Last night Hubby and I attended our friend Ann’s annual cookout. She sets up tables and chairs on the small lawn outside, fires up the gas grill, and guests arrive with a dish to share plus whatever they’d like to have cooked on the grill. People of all ages attend, all friends of Ann’s, and they’re from her hiking clubs or Osher classes (where we met her) or they share a common work background. Last night, our second time, there was a young woman who may or may not have been in her 20’s and there were several who had probably reached the point where the most expensive creams and ointments in the world would be lost in all the wrinkles. I felt right at home.
Ann usually holds this cookout in August, but this year she moved it up to June because she’ll be leaving sometime in August for what will probably be a six-month around the world cruise (on a program called Semester-at-Sea), this after returning in May from a four-month cruise on the same program. When the tour ship docked in Chennai (formerly Madras) for a few days, it was December and, not surprisingly, quite warm for a westerner so she was not impressed with the extreme poverty, dirt and stench she witnessed,. We, Hubby and I, assured her that indeed India was a beautiful country and gave her our opinion about places she should try to visit on her own. Now she’s planning to go to India sometime on her own, and with her own travel agenda. Oh, did I mention that Ann turned 89 years old a couple of weeks ago?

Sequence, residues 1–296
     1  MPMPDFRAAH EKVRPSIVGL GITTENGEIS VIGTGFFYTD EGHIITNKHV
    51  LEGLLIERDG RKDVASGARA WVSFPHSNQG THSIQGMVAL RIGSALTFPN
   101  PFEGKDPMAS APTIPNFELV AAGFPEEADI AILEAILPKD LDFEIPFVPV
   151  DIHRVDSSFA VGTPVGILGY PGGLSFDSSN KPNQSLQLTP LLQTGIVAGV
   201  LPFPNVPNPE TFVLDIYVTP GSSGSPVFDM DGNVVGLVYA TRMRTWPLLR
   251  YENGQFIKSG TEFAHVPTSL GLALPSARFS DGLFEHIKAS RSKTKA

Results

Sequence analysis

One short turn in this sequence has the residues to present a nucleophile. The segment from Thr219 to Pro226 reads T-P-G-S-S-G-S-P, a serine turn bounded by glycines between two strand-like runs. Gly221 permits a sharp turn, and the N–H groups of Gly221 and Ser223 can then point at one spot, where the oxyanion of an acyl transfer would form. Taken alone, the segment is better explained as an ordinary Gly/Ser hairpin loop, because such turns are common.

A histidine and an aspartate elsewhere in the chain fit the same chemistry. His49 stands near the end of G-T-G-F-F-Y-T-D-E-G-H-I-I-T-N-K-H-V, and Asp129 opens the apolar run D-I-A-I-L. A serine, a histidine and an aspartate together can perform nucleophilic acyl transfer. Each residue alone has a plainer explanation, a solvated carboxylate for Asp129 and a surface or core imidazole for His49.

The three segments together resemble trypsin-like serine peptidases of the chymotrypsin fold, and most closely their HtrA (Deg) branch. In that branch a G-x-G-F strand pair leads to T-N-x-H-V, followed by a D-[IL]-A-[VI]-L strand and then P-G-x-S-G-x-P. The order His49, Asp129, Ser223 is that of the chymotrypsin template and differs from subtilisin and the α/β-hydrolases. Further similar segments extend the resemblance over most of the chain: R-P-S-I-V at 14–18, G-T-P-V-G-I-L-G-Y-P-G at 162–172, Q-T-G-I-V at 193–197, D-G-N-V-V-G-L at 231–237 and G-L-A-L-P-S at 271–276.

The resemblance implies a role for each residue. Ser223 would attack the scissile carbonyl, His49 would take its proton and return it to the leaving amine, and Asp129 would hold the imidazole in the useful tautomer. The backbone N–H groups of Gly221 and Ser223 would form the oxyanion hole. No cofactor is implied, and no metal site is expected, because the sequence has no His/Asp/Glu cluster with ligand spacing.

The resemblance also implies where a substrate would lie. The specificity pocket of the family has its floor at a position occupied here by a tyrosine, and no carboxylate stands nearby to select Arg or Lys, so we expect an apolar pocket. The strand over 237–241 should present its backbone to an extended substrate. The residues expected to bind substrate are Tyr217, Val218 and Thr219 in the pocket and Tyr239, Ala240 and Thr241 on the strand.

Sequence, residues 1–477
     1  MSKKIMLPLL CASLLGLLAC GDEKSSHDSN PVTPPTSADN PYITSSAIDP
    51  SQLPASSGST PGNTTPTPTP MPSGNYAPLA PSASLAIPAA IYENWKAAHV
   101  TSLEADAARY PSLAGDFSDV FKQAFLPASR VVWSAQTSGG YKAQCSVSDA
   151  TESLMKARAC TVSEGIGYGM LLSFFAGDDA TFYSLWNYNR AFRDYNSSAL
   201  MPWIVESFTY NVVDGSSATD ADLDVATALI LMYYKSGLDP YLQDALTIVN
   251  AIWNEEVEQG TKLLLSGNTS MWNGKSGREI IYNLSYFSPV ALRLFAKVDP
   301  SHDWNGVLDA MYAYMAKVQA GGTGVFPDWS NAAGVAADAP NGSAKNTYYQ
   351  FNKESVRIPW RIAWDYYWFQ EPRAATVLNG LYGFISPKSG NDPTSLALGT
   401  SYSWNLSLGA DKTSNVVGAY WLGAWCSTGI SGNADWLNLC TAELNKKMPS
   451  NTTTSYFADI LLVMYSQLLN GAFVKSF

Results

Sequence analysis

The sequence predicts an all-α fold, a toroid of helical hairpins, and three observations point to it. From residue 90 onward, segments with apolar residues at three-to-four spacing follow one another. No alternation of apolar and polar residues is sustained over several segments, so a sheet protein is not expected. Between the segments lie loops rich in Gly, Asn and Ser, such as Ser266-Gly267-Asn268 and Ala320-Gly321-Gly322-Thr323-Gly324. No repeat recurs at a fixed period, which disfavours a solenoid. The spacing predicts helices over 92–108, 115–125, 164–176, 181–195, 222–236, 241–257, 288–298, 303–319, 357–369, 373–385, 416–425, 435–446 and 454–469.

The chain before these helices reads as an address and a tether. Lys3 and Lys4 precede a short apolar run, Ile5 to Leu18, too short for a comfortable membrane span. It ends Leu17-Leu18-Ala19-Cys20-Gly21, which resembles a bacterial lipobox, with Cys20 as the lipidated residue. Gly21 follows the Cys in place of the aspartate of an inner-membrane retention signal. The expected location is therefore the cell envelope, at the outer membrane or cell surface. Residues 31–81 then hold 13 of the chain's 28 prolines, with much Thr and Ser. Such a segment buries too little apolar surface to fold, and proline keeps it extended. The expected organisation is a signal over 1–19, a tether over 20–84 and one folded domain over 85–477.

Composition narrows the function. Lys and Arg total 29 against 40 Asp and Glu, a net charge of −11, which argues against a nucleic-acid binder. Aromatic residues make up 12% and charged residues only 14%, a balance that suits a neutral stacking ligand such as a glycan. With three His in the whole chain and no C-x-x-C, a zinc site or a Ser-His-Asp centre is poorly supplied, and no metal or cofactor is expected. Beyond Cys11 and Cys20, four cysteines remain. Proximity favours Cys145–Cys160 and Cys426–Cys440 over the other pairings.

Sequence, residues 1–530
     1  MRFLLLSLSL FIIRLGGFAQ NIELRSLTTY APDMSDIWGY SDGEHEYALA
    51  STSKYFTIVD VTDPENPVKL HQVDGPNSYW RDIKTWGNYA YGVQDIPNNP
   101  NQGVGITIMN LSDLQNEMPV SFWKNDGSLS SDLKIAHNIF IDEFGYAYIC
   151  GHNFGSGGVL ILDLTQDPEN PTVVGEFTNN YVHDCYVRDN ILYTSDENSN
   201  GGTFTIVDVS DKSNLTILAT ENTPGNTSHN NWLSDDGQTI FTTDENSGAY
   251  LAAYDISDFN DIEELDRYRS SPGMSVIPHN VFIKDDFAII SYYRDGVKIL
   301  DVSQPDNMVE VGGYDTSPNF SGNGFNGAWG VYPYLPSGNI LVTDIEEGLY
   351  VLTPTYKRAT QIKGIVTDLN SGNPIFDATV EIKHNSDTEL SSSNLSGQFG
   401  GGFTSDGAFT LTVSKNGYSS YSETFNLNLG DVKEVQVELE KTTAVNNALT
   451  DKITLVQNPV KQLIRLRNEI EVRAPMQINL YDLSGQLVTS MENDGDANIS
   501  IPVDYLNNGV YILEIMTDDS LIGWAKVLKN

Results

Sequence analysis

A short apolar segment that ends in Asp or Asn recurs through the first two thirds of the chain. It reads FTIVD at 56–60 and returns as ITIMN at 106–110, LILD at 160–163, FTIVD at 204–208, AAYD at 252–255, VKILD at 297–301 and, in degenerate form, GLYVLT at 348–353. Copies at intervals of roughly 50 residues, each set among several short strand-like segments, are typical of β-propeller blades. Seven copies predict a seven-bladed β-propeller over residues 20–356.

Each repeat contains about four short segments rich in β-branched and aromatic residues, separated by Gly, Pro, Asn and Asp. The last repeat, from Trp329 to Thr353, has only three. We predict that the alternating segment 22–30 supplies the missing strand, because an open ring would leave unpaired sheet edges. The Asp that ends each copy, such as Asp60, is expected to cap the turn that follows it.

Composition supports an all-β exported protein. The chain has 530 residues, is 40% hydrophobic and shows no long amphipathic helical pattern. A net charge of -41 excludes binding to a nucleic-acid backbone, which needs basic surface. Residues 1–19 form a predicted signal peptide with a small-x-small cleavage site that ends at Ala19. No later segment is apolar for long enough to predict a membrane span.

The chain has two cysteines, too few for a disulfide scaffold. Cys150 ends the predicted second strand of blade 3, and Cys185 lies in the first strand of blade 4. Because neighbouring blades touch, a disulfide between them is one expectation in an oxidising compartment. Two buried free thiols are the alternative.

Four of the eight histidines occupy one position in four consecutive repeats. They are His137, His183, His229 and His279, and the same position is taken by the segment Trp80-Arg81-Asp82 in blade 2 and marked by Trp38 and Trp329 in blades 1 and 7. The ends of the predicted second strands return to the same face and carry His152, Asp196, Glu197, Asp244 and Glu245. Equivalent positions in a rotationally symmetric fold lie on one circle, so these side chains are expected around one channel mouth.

She still hikes with her adventure club, but hasn’t been kayaking since last summer. I said to her, “Ann! You must bottle it! And I’ll buy a bottle.” referring of course to how great it would be if you could bottle whatever aging secrets people like her–whose 89 is like 65 for most people–have. She didn’t launch into a lecture about clean living or only eating healthful foods or even about staying active as a secret to successful aging.
“It’s the genes,” she admitted. “I inherited my father’s good genes.”
I couldn’t help thinking of all the things I seem to have inherited from my family genes. The women is my mother’s family were generally in the 80’s and 90’s when they died; my mother was 10 days shy of her 85th birthday. So the odds were (are?) good that I can look forward to the same, except that now I must factor in the cancer with the lower-case c. It’s too early to tell how that will change things. I say it’s just too bad that–before we’re born–we can’t go to a gene’s store and choose our own for a perfect fit like Ann’s.
It turns out Ann’s father died when he was 98 years old while he was on a cruise. He was about half way into finishing a book he was writing. I didn’t think to ask what he died of. Later on when we were talking about it, Hubby wondered if he’d been shot by a jealous husband.